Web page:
Ukrainian ex-PM Tymoshenko may face life in prison for 'ordering murder'
18 Jan, 2013 16:14
Ukraine’s former Prime Minister Yulia Tymoshenko is suspected of ‘ordering the murder’ of a member of parliament, the Posecutor General said. If found guilty, she will face a life sentence behind bars.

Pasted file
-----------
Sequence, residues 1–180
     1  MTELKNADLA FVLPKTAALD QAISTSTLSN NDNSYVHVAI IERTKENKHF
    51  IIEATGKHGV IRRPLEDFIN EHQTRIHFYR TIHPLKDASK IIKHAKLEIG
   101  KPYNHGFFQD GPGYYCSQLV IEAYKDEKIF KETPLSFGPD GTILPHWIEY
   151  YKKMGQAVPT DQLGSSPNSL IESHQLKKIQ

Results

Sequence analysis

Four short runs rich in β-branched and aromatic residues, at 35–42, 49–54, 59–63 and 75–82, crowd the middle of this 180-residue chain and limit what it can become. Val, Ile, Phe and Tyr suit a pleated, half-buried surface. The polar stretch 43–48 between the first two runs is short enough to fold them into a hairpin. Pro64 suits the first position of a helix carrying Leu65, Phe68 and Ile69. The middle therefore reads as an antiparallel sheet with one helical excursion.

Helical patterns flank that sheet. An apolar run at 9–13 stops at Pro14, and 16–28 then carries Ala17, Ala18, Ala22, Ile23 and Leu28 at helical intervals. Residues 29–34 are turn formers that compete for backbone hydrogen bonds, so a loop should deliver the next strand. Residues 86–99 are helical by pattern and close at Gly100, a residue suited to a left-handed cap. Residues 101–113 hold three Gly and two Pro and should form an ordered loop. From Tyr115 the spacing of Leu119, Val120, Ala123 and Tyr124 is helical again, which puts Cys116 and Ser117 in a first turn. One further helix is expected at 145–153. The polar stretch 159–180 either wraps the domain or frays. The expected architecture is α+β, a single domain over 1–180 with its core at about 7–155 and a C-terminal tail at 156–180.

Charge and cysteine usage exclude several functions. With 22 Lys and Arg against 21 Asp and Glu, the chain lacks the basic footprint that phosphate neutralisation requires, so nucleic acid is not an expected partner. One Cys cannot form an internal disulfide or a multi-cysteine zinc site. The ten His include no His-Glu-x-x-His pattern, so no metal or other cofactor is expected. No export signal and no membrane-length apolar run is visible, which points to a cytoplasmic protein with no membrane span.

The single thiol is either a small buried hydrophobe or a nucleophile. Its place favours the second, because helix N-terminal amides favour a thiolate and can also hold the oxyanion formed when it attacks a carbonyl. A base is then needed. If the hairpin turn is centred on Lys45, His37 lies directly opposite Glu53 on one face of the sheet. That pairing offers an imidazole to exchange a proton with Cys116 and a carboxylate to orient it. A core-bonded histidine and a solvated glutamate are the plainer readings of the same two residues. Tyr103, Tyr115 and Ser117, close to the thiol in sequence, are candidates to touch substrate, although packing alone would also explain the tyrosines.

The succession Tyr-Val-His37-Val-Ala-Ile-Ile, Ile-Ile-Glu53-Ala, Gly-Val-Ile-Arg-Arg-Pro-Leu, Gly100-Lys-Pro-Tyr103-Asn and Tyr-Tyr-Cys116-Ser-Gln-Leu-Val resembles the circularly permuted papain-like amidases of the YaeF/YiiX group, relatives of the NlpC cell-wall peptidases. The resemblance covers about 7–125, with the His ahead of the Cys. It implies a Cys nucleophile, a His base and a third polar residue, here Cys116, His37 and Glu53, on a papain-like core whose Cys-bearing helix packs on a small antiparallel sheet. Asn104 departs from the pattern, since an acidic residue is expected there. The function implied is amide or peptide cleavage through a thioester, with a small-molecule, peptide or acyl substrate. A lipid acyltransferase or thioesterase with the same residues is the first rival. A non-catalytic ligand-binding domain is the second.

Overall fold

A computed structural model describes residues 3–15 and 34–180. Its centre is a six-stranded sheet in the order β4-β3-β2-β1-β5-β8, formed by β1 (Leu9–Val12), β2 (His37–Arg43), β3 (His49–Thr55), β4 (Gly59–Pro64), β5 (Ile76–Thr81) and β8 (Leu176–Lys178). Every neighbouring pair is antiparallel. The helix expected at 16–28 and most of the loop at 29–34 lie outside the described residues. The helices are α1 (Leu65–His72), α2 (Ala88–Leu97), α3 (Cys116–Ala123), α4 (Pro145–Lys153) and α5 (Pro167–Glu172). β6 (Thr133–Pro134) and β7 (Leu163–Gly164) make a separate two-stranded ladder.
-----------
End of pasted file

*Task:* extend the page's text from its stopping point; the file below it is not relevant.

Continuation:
Ukraine’s State Prosecutor has completed its investigation of the murder of Deputy Evgeny Sherban, who was shot dead in 1996. Tymoshenko is alleged to have ordered the hit. "The materials collected during the pre-trial investigation show that Tymoshenko really ordered the murder, along with another former Mrime Minister Pavel Lazarenko. Today the Prosecutor General’s investigation team visited Tymoshenko to give her notice," said Prosecutor General Viktor Pshonka.According to the findings of the investigation, the former PMs Tymoshenko and Lazarenko paid Shcherban’s killers $2.8 million. Tymoshenko is currently serving a 7-year prison sentence for abuse of power.“Both Lazarenko and Tymoshenko made money transactions. The first – $500,000 – Lazarenko personally paid to the group of killers. Then $2,3 million was wired and that transaction was organized by Tymoshenko,” the Prosecutor General said.Ukrainian parliamentary Deputy Evgeny Sherban was shot dead in 1996 in Donetsk airport upon his arrival from Moscow. His wife and an airport employee were also killed in the attack. One of the killers was sentenced to life in prison back in 2003.In April 2012 Shcherban’s son, member of a Donetsk local city council, Ruslan Shcherban, sent the prosecutor documentary evidence of Tymoshenko and Lazarenko’s possible involvement in his father's murder. “The order was to kill Shcherban any possible way. What are the motives of this murder? For mercenary ends, business interests,” Viktor Pshonka said.The investigation believes Shcherban’s reluctance in 1996 to place his business under the command of structures headed by Lazarenko, who was then prime minister, and Tymoshenko, the head of United Energy, was the main motive for the crime.“The subject of that argument – gas, prices for gas,” Pshonka said. He added that former Prime Minister Lazarenko personally found the head of a criminal group and along with Tymoshenko met with the killers. According to the Prosecutor General, negotiations were held in the Hotel Natsional. He stressed that there is evidence that shows how both politicians kept in touch with the criminal group.Both Tymoshenko and Lazarenko deny the accusations.The ex-prime minister Yulia Tymoshenko was arrested and then jailed in October 2011 for abusing the powers of her office, most notably in the 2009 gas import deal she signed with Russia. Tymoshenko was also ordered to pay $190 million in fines. Ex-Prime Minister also faces charges of tax evasion from when she headed gas trader United Energy Systems in the 1990s, prosecutors said these two cases have been merged.Tymoshenko is undergoing treatment in a hospital in the city of Kharkiv. She will be officially charged with ordering and financing the murder when the state of Tymoshenko’s health makes it possible.United Energy Systems of Ukraine was involved in gas deals with Russia. Its multimillion-dollar debt arose due to non-payment for Russian gas sold to Ukraine. UESU was to supply the Russian army with industrial equipment of equal value in exchange for the gas. However the partially-covered debt, which amounted to $405.5 million, ended up being transferred to Ukraine’s budget with Lazarenko’s consent. Prosecutors say it was “an attempt to embezzle a large amount of Ukrainian state funds.” At the same time Pavel Lazarenko, Prime Minister in 1996-1997, has just served a nine-year prison term in the US for extortion and money laundering that ended in November. He remains behind bars until his immigration status is settled, according to Immigration and Customs Enforcement (ICE). Lazarenko’s immigration court hearing is scheduled to take place in May 2013. Back in August, the Prosecutor General’s Office said that Lazarenko was ready to testify in the Shcherban murder case and Ukrainian prosecutors would fly to the US to question him as soon as they obtain permission from American authorities.